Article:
Story by DANIEL MOORE • Bloomberg News Illustration by NURI DUCASSI • Star Tribune
The high-desert mountain pass overlooking alfalfa fields and RV parks doesn't look like a battleground that will shape the country's clean-energy future.
But when the rock samples here are pulverized, pulled apart and mixed with chemicals, they yield a metal increasingly seen as white gold: lithium, a critical ingredient for batteries used in electric vehicles, solar energy storage and consumer electronics.
In early 2021, the Trump administration approved plans for a $1 billion open-pit mine at Nevada's Thacker Pass, in a swath of government-owned land that covers 9 square miles above the country's largest lithium deposit. The Biden administration has since defended that decision.
Supporters say the mine built by Lithium Americas, a Canadian multinational, could produce enough lithium each year to match 2020's total global output. They also argue that expediting U.S. battery manufacturing will help the country shift away from fossil fuels .
But the project has run into fierce local opposition.
A judge is weighing a bid to block the mine brought by an unlikely coalition: a rancher who contends the operation will consume precious groundwater that sustains his herd; environmental groups that support electric vehicles but see the vast mining operation as too destructive; and tribal members determined to preserve the legacy, lifestyle and land of their ancestors.
The outcome will ripple beyond this corner of Nevada. As the Energy Department implements a $7 billion battery supply chain program and Congress' climate bill rolls out tax credits for electric-car makers, some see the state as ground zero for the fledgling industry.
"We can become the Lithium Valley here, based on everything else we have," said Dev Chidambaram, an engineering professor at the University of Nevada at Reno who started one of the country's first battery and energy storage academic programs. "It's better we do this, rather than somebody else."
The striking landscape on the Nevada- Oregon border that defines the Great Basin is loaded with treasures — gold, silver, mercury, uranium — that for centuries drew prospectors looking to strike it rich. It also provides a crucial habitat for sage grouse, raptors, golden eagles, elk and bighorn sheep, and features a sea of sagebrush and grasses that sustain grazing cattle herds.
Only one U.S. lithium mine operates today: Albemarle's Silver Peak in southwestern Nevada.
In recent years, Lithium Americas' predecessor company developed a plan to also extract it around Thacker Pass. That coincided with Washington's push to wean off imports from adversarial countries — extracting and processing lithium has been cheaper in South America and China — and rising demand from EV makers.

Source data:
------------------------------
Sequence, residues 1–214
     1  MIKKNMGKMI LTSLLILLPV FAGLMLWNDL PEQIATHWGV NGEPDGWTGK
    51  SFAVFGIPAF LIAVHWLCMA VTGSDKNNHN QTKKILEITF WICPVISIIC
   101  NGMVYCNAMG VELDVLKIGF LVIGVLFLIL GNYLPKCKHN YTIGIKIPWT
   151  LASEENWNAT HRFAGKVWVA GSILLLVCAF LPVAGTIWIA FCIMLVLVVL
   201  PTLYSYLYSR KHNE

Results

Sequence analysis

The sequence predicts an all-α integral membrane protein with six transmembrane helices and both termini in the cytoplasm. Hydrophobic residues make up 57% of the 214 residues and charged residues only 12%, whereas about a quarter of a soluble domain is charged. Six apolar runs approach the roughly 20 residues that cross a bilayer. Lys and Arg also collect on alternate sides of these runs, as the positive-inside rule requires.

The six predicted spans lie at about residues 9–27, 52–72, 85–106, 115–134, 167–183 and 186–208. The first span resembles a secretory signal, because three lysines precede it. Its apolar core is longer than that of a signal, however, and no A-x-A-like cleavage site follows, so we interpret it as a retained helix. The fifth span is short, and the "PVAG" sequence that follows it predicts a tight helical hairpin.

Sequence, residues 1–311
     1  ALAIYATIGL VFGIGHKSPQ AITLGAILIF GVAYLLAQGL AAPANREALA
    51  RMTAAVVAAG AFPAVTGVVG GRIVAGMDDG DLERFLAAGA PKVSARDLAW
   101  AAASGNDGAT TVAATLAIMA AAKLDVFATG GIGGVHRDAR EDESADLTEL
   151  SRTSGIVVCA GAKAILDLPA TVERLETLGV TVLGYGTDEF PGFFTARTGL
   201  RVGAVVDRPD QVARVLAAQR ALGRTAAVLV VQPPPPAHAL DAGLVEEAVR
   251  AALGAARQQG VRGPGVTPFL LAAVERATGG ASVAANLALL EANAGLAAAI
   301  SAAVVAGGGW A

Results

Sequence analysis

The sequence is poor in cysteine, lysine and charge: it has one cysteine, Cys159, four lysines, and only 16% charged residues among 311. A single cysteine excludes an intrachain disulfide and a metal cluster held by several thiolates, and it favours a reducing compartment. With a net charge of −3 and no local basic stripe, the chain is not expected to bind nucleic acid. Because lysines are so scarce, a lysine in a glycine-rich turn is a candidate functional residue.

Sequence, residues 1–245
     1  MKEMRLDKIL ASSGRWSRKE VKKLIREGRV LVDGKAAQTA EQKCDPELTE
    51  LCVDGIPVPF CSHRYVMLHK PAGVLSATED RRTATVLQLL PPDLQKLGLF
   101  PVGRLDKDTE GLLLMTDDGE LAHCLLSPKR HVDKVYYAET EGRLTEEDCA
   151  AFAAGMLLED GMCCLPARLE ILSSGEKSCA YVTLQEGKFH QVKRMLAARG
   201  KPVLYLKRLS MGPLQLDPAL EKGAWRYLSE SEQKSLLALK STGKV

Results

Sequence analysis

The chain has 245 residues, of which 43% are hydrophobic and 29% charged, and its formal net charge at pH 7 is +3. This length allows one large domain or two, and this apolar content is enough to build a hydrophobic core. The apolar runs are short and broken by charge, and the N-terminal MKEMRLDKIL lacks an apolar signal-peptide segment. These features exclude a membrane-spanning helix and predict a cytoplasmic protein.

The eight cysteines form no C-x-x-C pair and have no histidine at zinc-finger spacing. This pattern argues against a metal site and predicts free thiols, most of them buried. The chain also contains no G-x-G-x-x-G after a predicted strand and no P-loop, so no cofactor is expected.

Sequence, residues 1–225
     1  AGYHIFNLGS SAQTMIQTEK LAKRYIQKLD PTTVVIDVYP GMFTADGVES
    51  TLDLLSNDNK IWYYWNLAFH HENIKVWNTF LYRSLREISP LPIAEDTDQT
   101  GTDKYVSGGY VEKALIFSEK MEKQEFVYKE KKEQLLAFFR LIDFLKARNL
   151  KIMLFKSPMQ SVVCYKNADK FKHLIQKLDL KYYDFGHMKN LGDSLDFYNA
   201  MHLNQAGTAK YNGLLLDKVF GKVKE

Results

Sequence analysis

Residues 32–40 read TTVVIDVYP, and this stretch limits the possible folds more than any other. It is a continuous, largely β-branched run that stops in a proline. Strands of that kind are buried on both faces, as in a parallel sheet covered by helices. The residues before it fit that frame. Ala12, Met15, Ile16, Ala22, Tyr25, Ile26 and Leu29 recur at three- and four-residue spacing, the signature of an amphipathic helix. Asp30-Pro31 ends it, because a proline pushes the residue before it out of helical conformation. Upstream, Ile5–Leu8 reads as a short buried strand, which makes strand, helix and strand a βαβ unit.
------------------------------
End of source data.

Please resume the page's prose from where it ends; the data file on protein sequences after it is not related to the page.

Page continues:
Global lithium prices soared more than 400% in 2021, and the surge looks likely to continue. For mining companies, the race is on to win approvals and keep pace.
Thacker Pass sits amid a largely rural area with an economy focused on agriculture, mining and roadside businesses that cater to travelers along Route 95 .
Maxine Redstar is chairwoman for the area's Fort McDermitt Paiute and Shoshone Tribe. The pandemic had shut down tribal council offices and limited interaction, so she didn't learn the Trump administration had approved the mine until a few weeks after the decision in early 2021, she said. It felt like a slap in the face. "I reached out to [Bureau of Land Management] and said: 'OK, hang on. Let's back up,'" Redstar recalled .
Her goal was to protect the land and water. The reservation's drinking water is still contaminated by a mercury mine that closed in the 1970s . But she also thought about the project's potential to lift the next generation. Through 2021, Redstar had meetings with the Biden-led land bureau and mine officials. She left with assurances the site would be well regulated.
At the same time, tribal members who opposed the mine were building momentum. They formed People of Red Mountain and joined other tribal groups .
Last year, they joined forces with Edward Bartell , a rancher who has lived in the area since 2008, tending to more than 500 cattle that graze on BLM-leased land in the mountains above the Lithium Americas site and on 960 acres he owns below the site.
Trucks would haul sulfur within feet of the elementary school where his wife, Brenda, teaches. Two 350-foot-high dumps with a capacity of 354 million cubic yards of mine waste would tower over the dirt road he uses to check on his grazing cattle in the mountains.
"They put this eco-friendly label on it," Bartell said. "We see it as an environmental nightmare."
In February 2021, Bartell and his ranch sued the bureau over its decision, alleging "irreparable harm" to fish, wildlife, wetlands and stream flows .
By last summer, the People of Red Mountain and two other tribal groups had joined the case .
In Washington, the $369 billion climateand-tax law enacted in August includes tax credits for electric vehicles that, by the end of 2023, source 40% of their battery minerals from North America or U.S. trade partners.
For tribal member Daranda Hinkey, 24, the Thacker Pass project has been a possible blessing in disguise. It brought the college graduate home to the reservation where her father grew up and has mobilized people who had never been active in Indigenous rights. "In our ceremonies, we pray to water, we pray with water," she said . "The environmental concerns are cultural concerns. I don't see the line between them."